Award Date


Degree Type


Degree Name

Master of Science in Engineering (MSE)


Civil and Environmental Engineering

First Committee Member

Daniel Gerrity

Second Committee Member

Jacimaria Batista

Third Committee Member

Spencer Steinberg

Fourth Committee Member

Sajjad Ahmad

Number of Pages



In the face of climate change, pollution, and population growth, water scarcity has become a global threat. Many populations have witnessed their drinking water sources dwindle to an unsustainable level. These severe conditions have sparked interest in potable reuse as an increasingly viable alternative to typical ‘pristine’ drinking water sources. Currently, the California Division of Drinking Water (DDW) provides the most stringent requirements for reuse water quality. The best way to meet these standards is through the use of full advanced treatment (FAT), which consists of reverse osmosis (RO) and an advanced oxidation process (AOP). Alternative treatment trains composed of ozone and biological activated carbon (BAC) have been employed in several locations throughout the world, but these systems have not yet been optimized and are unable to compete with RO-based treatment trains on the basis of total organic carbon (TOC) removal. The purpose of this study was to identify the relationship between ozone dose and empty bed contact time based on TOC removal through ozone-BAC treatment. By evaluating the effects of these two operational parameters on biofilter performance, improved TOC removal may be achieved or more suitable operating conditions identified.

A 0.6 liter-per-minute (LPM) pilot-scale ozone-biofiltration reactor was constructed and operated over a 16-month period. During the start-up phase, the biofiltration columns received non-ozonated membrane bioreactor (MBR) filtrate, but the bulk organic matter proved to be too recalcitrant to promote development of the microbial community. Upon ozonation, increases in adenosine triphosphate (ATP) concentration (up to 105-106 pg ATP/g media) were observed within the biofilm, thereby suggesting significant microbial growth on the BAC.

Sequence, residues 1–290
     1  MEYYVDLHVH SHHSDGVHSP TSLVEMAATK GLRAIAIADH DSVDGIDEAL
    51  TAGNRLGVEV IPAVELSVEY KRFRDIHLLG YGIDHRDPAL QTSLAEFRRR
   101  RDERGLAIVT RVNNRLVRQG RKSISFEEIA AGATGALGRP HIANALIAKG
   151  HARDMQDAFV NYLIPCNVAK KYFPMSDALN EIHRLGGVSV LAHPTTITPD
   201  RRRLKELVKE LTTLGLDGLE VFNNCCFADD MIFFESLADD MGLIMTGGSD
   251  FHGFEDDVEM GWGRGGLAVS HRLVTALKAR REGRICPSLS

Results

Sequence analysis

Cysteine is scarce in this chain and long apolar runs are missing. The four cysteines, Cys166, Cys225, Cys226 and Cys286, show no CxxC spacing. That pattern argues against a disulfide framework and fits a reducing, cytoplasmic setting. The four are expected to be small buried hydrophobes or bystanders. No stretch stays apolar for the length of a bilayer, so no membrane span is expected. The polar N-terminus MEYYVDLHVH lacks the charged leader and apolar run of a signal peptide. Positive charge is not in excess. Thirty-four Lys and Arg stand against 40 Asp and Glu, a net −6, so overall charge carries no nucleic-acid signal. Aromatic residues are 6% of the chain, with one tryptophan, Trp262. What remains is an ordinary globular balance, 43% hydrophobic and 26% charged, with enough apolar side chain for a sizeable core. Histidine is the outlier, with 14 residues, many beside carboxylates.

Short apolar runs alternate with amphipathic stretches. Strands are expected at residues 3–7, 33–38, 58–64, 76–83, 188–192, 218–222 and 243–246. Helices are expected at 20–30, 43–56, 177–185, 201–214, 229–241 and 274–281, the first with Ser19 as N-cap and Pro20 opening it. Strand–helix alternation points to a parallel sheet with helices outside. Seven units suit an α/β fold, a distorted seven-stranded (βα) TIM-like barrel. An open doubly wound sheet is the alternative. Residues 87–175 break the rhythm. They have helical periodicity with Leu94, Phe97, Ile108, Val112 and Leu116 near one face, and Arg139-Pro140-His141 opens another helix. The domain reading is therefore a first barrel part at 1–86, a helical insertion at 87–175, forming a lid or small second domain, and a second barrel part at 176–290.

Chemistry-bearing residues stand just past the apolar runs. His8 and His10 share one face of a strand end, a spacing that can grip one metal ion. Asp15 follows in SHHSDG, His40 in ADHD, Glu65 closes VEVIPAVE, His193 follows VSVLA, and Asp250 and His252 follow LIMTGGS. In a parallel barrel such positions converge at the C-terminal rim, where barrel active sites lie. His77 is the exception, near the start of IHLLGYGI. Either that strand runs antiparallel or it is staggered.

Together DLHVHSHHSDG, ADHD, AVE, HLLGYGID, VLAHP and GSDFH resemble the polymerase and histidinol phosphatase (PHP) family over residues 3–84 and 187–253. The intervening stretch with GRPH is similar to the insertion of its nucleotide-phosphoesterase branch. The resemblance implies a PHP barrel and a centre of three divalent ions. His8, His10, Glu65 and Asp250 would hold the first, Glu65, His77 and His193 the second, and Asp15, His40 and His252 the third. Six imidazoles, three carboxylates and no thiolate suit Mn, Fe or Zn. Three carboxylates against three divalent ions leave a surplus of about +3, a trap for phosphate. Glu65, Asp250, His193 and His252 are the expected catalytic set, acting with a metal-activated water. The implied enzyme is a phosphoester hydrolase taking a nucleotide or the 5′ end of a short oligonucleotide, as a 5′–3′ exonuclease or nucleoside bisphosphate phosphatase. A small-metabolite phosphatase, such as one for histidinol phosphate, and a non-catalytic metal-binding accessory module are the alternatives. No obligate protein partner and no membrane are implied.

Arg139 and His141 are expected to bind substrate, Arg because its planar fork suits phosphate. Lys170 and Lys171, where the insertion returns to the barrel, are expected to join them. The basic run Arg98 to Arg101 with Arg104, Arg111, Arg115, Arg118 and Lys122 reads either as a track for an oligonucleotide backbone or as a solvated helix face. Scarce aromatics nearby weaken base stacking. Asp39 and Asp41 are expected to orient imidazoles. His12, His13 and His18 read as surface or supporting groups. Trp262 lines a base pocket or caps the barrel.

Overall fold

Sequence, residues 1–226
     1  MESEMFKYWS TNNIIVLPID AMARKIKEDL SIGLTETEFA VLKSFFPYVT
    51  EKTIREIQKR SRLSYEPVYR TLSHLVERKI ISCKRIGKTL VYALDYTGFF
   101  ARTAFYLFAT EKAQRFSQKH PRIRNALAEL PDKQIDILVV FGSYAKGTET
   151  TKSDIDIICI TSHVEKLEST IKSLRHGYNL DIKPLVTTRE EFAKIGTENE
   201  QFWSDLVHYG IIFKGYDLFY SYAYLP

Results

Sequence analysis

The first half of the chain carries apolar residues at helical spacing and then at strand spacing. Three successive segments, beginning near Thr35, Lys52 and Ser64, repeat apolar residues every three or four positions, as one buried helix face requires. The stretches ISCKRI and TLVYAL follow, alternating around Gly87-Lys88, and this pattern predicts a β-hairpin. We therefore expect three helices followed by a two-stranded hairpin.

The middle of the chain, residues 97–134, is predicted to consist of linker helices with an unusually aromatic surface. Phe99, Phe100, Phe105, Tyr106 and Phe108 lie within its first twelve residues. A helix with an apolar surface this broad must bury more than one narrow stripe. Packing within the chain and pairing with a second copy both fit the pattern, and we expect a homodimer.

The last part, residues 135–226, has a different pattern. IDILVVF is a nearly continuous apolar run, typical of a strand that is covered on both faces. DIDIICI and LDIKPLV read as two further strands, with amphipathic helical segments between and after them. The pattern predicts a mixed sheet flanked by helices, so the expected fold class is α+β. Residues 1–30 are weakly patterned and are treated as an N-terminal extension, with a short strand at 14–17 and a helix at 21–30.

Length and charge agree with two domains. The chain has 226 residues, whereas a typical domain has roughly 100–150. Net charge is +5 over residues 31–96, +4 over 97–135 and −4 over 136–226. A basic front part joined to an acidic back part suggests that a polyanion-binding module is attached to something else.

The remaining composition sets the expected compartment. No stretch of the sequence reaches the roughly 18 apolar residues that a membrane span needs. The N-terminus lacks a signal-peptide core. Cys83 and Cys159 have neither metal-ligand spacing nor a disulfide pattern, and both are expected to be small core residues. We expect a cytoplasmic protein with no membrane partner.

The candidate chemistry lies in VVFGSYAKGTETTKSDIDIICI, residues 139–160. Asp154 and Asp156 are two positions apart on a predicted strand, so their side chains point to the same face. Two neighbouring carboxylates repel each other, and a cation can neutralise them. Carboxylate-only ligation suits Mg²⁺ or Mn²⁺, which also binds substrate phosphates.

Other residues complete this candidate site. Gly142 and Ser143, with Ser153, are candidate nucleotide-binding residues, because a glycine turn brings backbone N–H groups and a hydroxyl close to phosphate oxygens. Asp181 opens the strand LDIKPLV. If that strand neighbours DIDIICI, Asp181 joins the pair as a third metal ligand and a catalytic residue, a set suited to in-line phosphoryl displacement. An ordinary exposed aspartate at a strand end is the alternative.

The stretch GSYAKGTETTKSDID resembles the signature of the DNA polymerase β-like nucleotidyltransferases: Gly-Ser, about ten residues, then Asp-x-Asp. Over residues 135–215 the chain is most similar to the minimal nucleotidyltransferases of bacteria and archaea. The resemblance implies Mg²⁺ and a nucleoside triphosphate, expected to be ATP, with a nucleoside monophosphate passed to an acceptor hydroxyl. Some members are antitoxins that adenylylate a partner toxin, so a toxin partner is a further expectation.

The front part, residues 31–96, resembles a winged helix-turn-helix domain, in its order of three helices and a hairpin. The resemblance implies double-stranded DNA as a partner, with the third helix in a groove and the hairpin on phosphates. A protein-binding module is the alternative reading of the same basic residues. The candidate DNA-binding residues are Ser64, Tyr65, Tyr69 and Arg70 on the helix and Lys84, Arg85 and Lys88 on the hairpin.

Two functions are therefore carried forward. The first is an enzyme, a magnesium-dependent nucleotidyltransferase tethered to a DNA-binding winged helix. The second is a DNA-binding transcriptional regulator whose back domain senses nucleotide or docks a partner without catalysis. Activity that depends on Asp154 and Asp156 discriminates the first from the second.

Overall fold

When coupled with biofiltration, the results showed that the highest ozone to TOC ratio tested (O3/TOC = 1.12) achieved greater TOC removal than the two lower doses (O3/TOC = 0.35 and 0.62), presumably due to differences in the transformation of bulk organic matter. Biofiltration kinetics also proved to be more rapid than expected. At an O3/TOC ratio of 1.12, the optimum empty bed contact time (EBCT) was 10 minutes, which resulted in a 25% TOC reduction and an effluent TOC concentration of 5.0 mg/L. To further reduce effluent TOC concentrations from ozone-BAC systems, additional treatment in the form of ion exchange or granular activated carbon (GAC) columns could be viable options. A logarithmic relationship between the optimum EBCT and ozone dose appeared to exist but further investigation is warranted to validate the relationship.


pilot study; wastewater treatment; water reuse; water treatment


Environmental Engineering | Environmental Sciences